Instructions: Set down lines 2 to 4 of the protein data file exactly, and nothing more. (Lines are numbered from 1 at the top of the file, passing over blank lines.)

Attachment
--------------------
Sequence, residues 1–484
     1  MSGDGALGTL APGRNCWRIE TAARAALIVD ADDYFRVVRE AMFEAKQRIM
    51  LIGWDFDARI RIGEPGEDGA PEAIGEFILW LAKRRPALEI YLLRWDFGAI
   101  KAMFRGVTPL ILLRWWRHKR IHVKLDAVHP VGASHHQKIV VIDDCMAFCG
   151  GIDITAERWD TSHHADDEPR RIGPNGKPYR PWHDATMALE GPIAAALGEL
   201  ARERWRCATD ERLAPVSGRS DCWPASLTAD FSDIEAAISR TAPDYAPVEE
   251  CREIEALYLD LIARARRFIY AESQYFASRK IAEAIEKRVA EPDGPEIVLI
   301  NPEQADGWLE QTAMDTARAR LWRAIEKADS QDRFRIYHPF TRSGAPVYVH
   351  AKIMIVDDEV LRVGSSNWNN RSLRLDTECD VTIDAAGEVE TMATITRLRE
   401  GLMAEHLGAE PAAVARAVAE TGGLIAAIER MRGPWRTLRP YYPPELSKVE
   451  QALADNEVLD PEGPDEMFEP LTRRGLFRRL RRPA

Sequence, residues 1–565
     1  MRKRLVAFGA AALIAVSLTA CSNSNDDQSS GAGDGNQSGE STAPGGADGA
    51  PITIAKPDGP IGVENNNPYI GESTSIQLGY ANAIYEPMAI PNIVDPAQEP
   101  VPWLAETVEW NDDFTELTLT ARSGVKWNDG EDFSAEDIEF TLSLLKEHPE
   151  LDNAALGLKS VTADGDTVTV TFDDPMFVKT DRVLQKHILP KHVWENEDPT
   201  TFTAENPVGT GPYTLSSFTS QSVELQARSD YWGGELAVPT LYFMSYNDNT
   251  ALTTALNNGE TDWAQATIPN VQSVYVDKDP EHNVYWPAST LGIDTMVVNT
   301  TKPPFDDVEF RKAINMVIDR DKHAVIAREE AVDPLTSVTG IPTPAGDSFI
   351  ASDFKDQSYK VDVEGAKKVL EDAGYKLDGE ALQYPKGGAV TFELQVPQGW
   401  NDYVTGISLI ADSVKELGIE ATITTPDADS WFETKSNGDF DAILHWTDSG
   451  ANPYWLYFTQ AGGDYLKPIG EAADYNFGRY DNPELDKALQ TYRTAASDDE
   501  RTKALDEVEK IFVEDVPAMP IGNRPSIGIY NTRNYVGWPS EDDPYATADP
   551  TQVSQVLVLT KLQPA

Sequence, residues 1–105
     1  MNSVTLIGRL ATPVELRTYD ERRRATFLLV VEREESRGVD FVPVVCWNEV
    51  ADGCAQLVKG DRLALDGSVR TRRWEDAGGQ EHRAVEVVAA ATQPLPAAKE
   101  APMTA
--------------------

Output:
     1  MSGDGALGTL APGRNCWRIE TAARAALIVD ADDYFRVVRE AMFEAKQRIM
    51  LIGWDFDARI RIGEPGEDGA PEAIGEFILW LAKRRPALEI YLLRWDFGAI
   101  KAMFRGVTPL ILLRWWRHKR IHVKLDAVHP VGASHHQKIV VIDDCMAFCG